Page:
Wrapping Up Mental Health Awareness Month
This May we have been celebrating Mental Health Awareness Month in some new ways – most of them virtual. As we close out this month, I wanted to share why it is so important to us at The Center for Mental Health.
Mental Health Awareness Month began in 1949. It was started by Mental Health America to raise awareness, educate the public, and advocate for policies that support mental health. Every year in May we take time to promote mental health issues and try to break down the stigma that is often associated with seeking help.
In an effort to break down the stigma, the industry has turned to the term “behavioral health.” This term seeks to include both mental health issues and substance use disorders. One in 12 American adults has experienced a substance use disorder and 1 in 5 has experienced a mental illness during the past year. That equates to 467,000 Colorado adults who experienced a substance use disorder and over one million who experienced a mental illness. Approximately one quarter of these individuals received treatment at one of Colorado’s 17 Community Mental Health Centers.
On October 31, 1963, President John F. Kennedy signed the Community Mental Health Act into law. This led to the establishment of Community Mental Health Centers throughout the country so that anyone who needed care could receive it. This helped people with mental illnesses who were “warehoused” in hospitals and institutions move back into their communities. A growing body of evidence at that time demonstrated that mental illnesses could be treated more effectively and in a more cost-effective manner in community settings than in traditional psychiatric hospitals.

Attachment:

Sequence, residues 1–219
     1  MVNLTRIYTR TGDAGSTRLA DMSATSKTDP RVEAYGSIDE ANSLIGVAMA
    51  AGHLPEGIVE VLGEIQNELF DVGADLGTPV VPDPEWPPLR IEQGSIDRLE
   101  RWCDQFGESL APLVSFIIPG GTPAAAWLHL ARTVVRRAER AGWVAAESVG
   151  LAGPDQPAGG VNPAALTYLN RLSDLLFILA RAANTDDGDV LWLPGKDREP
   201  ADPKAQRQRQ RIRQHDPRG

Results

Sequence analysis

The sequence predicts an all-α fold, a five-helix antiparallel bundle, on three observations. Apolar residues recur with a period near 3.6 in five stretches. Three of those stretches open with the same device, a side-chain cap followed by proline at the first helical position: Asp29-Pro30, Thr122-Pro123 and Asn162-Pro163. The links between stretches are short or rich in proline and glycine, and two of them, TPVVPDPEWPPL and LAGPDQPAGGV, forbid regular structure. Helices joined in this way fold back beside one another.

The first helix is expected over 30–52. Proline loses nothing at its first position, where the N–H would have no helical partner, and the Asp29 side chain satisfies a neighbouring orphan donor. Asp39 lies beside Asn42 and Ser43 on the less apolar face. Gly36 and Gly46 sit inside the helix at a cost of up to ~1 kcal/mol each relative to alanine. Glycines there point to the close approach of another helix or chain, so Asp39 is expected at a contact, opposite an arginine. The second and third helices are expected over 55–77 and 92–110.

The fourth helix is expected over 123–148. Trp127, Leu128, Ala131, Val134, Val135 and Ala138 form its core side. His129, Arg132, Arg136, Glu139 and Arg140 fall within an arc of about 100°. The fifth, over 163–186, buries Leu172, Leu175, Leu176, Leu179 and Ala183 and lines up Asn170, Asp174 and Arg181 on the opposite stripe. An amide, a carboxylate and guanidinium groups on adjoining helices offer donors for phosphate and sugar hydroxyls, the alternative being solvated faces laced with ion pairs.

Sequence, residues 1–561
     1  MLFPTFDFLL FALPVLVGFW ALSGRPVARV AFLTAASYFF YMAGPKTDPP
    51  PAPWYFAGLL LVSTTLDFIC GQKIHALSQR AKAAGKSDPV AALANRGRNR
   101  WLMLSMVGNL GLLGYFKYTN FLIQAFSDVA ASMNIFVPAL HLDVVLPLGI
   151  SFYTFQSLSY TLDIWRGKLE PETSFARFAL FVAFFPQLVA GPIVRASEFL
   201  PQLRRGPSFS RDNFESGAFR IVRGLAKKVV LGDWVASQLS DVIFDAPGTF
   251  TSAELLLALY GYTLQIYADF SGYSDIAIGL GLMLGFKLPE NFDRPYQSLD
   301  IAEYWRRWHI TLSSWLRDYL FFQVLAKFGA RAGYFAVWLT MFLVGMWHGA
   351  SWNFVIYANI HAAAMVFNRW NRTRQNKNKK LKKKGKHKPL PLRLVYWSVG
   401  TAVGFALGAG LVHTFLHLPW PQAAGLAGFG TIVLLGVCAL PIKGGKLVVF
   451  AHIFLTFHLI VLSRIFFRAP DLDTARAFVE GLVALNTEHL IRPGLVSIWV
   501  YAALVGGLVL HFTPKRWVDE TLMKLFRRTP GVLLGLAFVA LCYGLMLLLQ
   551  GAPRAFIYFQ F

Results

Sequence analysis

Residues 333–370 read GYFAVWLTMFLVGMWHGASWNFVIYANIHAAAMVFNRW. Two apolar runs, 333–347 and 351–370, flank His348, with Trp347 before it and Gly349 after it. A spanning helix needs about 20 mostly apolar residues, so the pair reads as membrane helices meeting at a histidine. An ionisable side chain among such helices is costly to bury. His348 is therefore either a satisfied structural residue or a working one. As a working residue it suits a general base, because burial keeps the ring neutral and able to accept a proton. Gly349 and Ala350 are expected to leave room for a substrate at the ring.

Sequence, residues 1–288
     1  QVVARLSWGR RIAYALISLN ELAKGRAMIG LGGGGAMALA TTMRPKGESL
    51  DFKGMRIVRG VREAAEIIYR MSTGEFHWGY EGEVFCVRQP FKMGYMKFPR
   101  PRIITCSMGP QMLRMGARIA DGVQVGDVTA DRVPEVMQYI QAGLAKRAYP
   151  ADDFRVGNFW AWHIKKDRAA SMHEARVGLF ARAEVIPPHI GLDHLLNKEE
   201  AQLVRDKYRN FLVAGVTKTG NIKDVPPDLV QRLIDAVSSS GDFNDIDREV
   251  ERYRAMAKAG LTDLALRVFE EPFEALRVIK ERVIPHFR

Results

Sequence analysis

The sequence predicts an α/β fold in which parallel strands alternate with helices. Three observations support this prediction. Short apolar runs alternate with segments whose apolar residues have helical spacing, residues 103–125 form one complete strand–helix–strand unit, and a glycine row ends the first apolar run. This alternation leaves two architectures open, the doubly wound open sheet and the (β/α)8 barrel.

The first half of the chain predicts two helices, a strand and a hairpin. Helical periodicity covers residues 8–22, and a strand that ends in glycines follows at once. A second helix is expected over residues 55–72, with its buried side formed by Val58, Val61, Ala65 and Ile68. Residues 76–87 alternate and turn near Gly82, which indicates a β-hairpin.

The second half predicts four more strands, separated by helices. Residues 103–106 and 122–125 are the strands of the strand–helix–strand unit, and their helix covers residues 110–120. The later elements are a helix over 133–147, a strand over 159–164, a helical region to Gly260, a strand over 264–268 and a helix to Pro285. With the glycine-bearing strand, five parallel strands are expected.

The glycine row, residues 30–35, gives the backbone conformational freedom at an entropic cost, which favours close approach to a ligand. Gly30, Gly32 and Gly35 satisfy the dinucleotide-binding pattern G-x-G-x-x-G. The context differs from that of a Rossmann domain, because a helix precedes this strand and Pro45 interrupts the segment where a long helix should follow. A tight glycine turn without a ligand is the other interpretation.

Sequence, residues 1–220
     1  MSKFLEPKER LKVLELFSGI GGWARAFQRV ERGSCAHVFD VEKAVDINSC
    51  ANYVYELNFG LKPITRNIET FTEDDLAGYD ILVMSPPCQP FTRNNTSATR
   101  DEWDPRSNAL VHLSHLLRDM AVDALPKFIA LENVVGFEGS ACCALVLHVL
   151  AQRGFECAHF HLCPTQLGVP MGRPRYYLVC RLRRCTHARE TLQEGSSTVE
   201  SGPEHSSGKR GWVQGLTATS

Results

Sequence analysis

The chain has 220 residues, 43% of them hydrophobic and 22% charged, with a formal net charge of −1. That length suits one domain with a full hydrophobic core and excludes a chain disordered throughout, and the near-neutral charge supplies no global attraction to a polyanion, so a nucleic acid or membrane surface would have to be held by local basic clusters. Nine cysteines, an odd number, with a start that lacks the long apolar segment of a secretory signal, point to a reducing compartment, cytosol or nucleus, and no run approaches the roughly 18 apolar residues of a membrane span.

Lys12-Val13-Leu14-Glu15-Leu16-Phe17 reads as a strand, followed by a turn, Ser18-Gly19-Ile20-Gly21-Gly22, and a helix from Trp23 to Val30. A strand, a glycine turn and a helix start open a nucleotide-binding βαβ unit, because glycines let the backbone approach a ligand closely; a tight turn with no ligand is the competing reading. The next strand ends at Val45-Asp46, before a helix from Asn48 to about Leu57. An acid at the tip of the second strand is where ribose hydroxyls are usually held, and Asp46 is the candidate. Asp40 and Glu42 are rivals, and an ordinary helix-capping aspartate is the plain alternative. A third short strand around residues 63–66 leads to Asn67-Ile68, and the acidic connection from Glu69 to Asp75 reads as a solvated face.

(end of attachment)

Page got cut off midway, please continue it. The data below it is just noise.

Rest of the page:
The Center for Mental Health is one such Community Mental Health Center and currently serves clients in Delta, Gunnison, Hinsdale, Montrose, Ouray, and San Miguel counties.
Our goal is to provide behavioral healthcare to anyone in our communities who may need it. We know that good mental health is essential to overall health and personal well-being. Emotional problems can impair a person’s thinking, feelings, and behavior and, over time, can become increasingly serious and disabling.
As a local Community Mental Health Center, we try to make sure everyone has access to affordable, high-quality care. Offering 24/7 crisis and support services, individual and group therapy, and maintaining offices in rural areas are just some of the ways we support our residents.
During this time of COVID-19, we have watched our communities pull together in countless ways to support one another. It is critical that our neighbors feel connected and supported during this time. As we close out this year’s Mental Health Awareness Month, we encourage you to continue caring for each other. If you see someone who needs extra support, please reach out and use The Center for Mental Health as your community resource.
Shelly J. Spalding, CEO
The Center for Mental Health